Father replays the funeral in Dream #28

Shame             forces                        what we denied         into luminosity.
In dream       my father     tells me               my mother’s grieving      
prevents          momentum.

He’s projecting thoughts to a screen          for me to read.      
I’m at his private film      of captivity.

He’s watching us.    We’re hunched over          heaving the sorrow vomit.

Father stands before me
time without fear    suspended    and apart
unafraid of anything   one way or another.

“When did they cut it?”                                                       he wants to know 
pushing the thought into space                   between my eyes.

Raising his pant leg    where the mortician

smoothed and stretched the salvage skin     Father used    for padding 
his below-knee amputation                         
hovering   inches above the ground                                   glints in his eyes.

He doesn’t remember the amputation                                     
in the bending.

Father shows me his whole leg.                    Scars

mended and smooth.
He is an uncut body again.  Like before the bending place.
Only the graft scars on his thighs remain.

He projects: “I feel my leg here Margo  my foot still itches here” Father
points: “in this empty space”     he twirls his fingers       a    slow    spiral.

I nod to him:               “I see.  I’ll remember this for you.”

Related Poems

My Father as Cartographer

In dim light now, his eyes
     straining to survey
the territory: here is the country
     of Loss, its colony Grief;
the great continent Desire
     and its borderland Regret;

vast, unfathomable water,
    an archipelago—the tiny islands
of Joy, untethered, set adrift.
    At the bottom of the map
his legend and cartouche,
    the measures of distance, key

to the symbols marking each
    known land. What’s missing
is the traveler’s warning
    at the margins: a dragon—
its serpentine signature—monstrous
    as a two-faced daughter.

Becoming Ghost

I stand behind a one-way mirror.
My father sits in a room
interrogating himself. Bright bulb
shining like the idea
of a daughter.
 
—
 
It looked just like the real
thing. The helicopters, the fields,
the smoke which rose in colors,
the bullets blank, but too real.
Coppola yells Action and we
drag slowly across the back
of the screen, miniature
prisoners of war to Robert Duvall’s
broad, naked chest.
What you’ll never see
written into the credits
are our names.
 
—
 
Ghost of a daughter:
specter, spectator, from a future
we can only dream of. We never
dreamt that one day, you’d be
my age and too bitter
to talk to me. I who gave
every peso to your mother,
who sewed coins into the linings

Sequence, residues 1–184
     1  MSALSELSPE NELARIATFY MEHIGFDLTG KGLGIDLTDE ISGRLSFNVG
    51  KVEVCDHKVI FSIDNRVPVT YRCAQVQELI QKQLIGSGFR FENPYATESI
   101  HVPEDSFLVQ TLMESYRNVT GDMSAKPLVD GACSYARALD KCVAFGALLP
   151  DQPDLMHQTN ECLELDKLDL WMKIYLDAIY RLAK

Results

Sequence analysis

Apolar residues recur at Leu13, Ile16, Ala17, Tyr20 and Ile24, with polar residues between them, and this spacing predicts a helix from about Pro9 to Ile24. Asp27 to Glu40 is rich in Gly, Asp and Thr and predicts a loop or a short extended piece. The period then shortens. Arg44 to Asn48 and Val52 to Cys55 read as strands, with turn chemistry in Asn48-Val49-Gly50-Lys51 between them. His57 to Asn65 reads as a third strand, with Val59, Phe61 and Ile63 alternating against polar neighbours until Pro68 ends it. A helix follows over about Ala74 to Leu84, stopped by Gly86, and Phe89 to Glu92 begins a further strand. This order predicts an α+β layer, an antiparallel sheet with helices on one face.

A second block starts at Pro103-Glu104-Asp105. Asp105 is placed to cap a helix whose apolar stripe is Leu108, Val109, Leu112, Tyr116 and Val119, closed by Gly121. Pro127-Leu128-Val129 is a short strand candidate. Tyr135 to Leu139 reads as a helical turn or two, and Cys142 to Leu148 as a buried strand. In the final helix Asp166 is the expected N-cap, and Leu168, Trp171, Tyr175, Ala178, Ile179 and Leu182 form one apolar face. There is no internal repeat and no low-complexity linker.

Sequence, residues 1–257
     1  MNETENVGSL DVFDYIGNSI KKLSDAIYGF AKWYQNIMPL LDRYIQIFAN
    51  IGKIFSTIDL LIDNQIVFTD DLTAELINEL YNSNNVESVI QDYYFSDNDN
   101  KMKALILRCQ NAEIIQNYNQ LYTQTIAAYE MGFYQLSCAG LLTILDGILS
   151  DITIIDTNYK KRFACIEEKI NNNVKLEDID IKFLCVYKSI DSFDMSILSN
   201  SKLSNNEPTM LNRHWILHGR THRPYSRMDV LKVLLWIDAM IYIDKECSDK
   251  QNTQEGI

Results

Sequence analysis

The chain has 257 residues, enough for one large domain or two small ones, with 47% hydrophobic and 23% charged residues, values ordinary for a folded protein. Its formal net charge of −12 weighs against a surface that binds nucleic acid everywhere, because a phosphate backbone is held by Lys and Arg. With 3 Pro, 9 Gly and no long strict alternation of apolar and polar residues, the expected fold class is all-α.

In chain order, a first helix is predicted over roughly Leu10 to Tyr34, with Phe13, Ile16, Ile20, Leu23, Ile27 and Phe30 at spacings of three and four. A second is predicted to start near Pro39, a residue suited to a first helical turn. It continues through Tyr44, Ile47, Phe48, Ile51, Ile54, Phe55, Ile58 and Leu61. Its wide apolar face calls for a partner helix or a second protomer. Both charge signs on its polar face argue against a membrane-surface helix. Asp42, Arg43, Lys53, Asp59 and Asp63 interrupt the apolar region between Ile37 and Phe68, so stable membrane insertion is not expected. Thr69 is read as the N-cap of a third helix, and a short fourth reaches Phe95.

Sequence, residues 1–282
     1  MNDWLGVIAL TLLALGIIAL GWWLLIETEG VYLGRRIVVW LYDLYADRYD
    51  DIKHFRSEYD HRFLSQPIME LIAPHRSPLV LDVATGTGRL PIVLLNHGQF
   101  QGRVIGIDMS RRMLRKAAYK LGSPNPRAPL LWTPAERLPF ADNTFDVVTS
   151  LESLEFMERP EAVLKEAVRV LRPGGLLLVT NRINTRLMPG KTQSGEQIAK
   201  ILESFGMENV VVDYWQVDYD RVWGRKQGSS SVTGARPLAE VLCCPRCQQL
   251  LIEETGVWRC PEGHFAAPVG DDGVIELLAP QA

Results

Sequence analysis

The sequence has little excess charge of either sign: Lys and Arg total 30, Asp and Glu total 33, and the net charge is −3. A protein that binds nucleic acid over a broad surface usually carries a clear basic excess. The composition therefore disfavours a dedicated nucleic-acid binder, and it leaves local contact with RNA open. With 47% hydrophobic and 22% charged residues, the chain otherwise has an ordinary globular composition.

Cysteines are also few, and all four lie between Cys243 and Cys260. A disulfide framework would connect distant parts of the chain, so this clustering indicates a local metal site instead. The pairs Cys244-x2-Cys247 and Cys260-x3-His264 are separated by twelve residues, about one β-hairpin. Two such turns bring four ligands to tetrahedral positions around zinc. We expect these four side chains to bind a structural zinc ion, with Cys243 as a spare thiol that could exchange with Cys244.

of my pockets, so that you could eat
enough food and grow taller than
either one of us. I am asking you
to look me in the face and say Father.
I am asking you to see me.
 
—
 
Morning yawns and today,
my father has deleted a daughter, today,
he’s blessed with two sons
who take after his fire and quicksilver.
Today he may be haunted by the grip
of a friend who died in his arms,
but not the scent of a baby girl
he held 37 years ago. Women,
he says, and spits out a phlegm-
colored ghost. There is plasm,
he says, and shrugs–– and then,
there is ectoplasm. What is a father
who has two sons? Happy,
he replies with a toothpick pressed
between his thumb and forefinger. Happy,
he says, looking into the mirror
and seeing no reflection.

Kissing My Father

Three days into his wake my father has not risen.

He remains encased in pine, hollowed-
out, his body unsealed, organs 
harvested, then zippered 
shut like a purse. 

How strange to see one’s face inside 
a coffin. The son at my most peaceful. 
The father at his most peaceful.  
Not even the loud chorus 
of wailing family members 
can rid us of our sleep.  

My mother sits front center.  
Regal in black, her eyes sharpened 
as Cleopatra’s. Her children, grown 
and groaning, quietly moan beside a white 
copse of trumpeting flowers.  

The church is forested 
with immigrants, spent after their long journey 
to another country 
to die. 

Before the casket 
is to be closed, we all rise 
to bid our final farewells.

My mother lowers herself, 
kisses the trinity of the forehead 
and cheeks, then motions her obedient 
children to follow. One by one my 
siblings hover, perch, and peck. 

I stand over my father 
as I had done on occasions 
of safe approach: in his sleep, or splayed 
like a crushed toad on the floor, drunk.

I study him, planetary, 
distant presence both bodily 
and otherworldly, a deceptive 
kind of knowledge.
His beauty has waned 
but not faded, face surface 
of a moon, not ours, I turn pale,
shivering, I place my hand 
on his, amphibious.  

While my mother places her hand warm on the cradle
of my back, where I bend to fit into my body.

Her burning eyes speak, Do it for me, they
urge, Kiss your father goodbye.  

I refuse.